Libya’s PM “Not Serious” About Fighting COVID-19

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In an outright violation of the recently announced curfew attempting to fight the COVID-19 pandemic, the Libyan Prime Minister, Abdel-Hamid Dbaiba held festivities in the ancient city of Leptis Magna, in modern-day Al-Khums, 81 miles from Tripoli.

In a concert-like event, aerial scenes showed laser lights, large screens, and VIP seats in the theatre. The event was sponsored by the Ministry of Youth.

The International Youth Day festival was broadcast live on Thursday evening, showing a full theatre and a total lack of COVID-19 preventive measures.

Dbaiba took office in March, and heads the UN-brokered Government of National Unity (GNU), which is set to lead the country to elections after a decade-long conflict over power.

An event supervisor inside the theatre said “white banners with several names of Libyan cities written in black were distributed to the audience in a desperate attempt by the government to show that the festival reflects the unity of the whole country.”

“Your life is not easy,” Dbaiba said during his speech to attendees, as they cheered asking for “loans, marriage, and jobs.”

With his face mask placed on his wrist the Prime Minister announced the allocation of one billion dinars to support marriages, and 1.7 billion dinars to support youth-centred projects.

The government has not yet been granted a budget by Parliament, which is still debating the estimated 111 billion Libyan dinar proposal.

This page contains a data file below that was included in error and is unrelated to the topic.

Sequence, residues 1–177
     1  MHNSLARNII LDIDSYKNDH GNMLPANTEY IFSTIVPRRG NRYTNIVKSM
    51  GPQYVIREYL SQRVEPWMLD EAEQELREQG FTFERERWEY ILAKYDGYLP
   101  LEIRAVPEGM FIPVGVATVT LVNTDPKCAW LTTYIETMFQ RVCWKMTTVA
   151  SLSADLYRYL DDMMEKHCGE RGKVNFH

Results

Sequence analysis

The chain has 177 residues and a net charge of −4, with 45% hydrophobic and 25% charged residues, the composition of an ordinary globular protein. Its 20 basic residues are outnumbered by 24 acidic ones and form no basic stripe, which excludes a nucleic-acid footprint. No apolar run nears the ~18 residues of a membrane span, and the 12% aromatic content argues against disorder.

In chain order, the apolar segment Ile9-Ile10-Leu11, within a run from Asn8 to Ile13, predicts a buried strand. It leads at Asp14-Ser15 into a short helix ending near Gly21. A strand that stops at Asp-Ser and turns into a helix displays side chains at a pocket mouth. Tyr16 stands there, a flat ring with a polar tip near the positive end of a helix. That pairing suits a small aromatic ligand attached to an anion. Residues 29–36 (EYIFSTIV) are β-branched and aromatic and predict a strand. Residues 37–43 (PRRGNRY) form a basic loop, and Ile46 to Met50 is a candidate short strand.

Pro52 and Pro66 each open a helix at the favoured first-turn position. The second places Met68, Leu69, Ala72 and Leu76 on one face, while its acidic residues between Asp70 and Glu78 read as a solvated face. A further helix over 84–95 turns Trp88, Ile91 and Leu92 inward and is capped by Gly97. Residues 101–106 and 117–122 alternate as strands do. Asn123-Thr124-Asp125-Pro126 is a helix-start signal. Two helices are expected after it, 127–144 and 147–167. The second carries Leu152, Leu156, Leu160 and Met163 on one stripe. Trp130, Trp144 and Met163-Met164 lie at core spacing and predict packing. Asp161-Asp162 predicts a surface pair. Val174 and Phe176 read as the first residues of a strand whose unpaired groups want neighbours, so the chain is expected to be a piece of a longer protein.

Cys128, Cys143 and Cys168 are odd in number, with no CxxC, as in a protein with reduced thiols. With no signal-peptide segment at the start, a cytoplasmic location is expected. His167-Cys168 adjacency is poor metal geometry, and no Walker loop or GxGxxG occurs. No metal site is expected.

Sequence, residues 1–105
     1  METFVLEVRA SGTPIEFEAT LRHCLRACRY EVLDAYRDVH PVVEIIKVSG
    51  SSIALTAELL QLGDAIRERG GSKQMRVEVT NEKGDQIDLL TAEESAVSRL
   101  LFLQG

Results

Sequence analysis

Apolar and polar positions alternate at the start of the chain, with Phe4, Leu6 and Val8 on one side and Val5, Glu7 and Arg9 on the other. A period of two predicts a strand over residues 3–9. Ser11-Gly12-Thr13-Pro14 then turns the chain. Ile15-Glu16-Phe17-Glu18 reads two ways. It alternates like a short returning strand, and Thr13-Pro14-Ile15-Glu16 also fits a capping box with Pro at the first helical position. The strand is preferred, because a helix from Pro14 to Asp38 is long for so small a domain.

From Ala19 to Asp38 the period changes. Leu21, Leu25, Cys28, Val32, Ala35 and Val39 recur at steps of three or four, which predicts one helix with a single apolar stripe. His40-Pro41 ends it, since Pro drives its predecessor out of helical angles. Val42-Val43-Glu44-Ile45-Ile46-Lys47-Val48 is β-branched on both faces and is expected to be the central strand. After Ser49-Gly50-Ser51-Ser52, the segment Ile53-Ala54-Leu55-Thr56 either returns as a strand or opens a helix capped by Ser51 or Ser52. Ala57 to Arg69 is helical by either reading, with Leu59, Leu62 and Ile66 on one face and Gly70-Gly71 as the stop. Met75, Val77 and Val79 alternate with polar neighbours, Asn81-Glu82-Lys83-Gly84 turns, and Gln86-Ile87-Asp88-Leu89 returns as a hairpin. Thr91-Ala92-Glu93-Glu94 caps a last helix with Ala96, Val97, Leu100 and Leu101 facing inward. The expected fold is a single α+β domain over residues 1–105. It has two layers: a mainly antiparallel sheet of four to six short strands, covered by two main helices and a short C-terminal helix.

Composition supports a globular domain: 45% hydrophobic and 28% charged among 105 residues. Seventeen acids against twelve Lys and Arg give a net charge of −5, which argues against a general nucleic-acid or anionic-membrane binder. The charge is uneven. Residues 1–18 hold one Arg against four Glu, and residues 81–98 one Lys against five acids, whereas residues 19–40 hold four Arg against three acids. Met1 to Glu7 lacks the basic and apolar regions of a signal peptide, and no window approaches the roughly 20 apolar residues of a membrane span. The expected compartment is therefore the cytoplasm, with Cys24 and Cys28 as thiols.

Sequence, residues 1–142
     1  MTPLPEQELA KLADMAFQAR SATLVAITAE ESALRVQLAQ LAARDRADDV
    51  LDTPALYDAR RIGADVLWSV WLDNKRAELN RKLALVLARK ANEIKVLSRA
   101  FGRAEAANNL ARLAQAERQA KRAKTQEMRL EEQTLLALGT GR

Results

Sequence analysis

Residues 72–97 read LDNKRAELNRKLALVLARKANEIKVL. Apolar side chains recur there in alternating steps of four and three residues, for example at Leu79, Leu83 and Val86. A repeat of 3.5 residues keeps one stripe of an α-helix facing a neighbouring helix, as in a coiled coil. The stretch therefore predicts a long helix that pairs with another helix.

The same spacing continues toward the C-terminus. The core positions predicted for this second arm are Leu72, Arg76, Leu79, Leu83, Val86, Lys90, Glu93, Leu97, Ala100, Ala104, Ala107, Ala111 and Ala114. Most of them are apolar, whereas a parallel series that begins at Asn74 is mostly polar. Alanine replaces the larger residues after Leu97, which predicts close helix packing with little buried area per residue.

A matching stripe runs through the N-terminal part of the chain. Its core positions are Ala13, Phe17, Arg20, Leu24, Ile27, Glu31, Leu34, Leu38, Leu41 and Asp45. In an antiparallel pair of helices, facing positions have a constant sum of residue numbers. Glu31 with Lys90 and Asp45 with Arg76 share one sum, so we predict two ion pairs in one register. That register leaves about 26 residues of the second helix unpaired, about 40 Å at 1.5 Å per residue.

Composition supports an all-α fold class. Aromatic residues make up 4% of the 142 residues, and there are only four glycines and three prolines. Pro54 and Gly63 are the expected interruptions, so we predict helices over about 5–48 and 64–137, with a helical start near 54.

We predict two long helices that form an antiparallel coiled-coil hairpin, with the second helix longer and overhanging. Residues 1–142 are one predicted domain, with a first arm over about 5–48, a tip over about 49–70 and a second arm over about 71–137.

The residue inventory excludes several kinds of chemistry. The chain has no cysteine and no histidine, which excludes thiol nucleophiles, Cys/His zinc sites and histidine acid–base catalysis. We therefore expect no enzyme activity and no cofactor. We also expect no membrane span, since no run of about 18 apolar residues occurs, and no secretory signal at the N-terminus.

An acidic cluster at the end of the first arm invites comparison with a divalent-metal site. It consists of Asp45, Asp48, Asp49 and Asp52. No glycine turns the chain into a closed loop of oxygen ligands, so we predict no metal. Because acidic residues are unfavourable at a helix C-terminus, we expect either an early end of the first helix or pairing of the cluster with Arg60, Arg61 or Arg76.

Two weeks ago, the government declared a partial curfew as the country was recording a surge of new COVID-19 cases. Libya currently has 69,859 active cases, and has vaccinated 801,568 people.

The Health Ministry reportedly requested an extension of the curfew, due to the instability of the epidemiological situation. The PM was allegedly the first who did not agree with the curfew implementation.

“Unfortunately, the Prime Minister is not serious about fighting the virus,” a doctor at the National Centre for Disease Control (NCDC) told Libya Review by telephone.

“What is more worrying is that the healthcare sector in Libya has collapsed, and cannot bear an epidemic outbreak,” the doctor said on condition of anonymity. “It is unreasonable for the PM to be the first to break the laws, and not respect them” he added.

Dbaiba was also seen on Wednesday night at Tripoli’s green square, participating in the lighting of the torch ceremony of the International Youth Day ceremony. Moments later, a torrent of hard criticism poured on online, “How can the government hold such events during the curfew?”

Comments on social media also included complaints about the curfew, resulting in the suspension of work for thousands of young people who depend on their daily wages. Others echoed dire living conditions amid long terms of power cuts in high temperatures.

According to the Statista website, the unemployment rate in Libya in 2020 was 19.39% , with a population of almost 7 million.

Mahmoud Al-Joundi, a taxi driver and father of four, said, “the government imposes the curfew and our life stops, but the Prime Minister holds parties here and there. It’s disappointing, I can not offer all my family needs.”

A source from the Health Ministry anonymously said, “the PM must either comply with the laws and to be a model for the people, or he ends the curfew and doubles his efforts to bring more vaccinations.”

The source confirmed the decision to dismiss Dr. Badr Al-Din Al-Najjar, the Director of the NCDC, without revealing the reasons behind the dismissal.

“Time is critical, and it is not possible to dismiss a person from a sensitive position at this time without logical reasons to mention”, the source continued.

Libya Review has learnt that Dr, Al-Najjar refused to leave office until he receives clarifications from the government.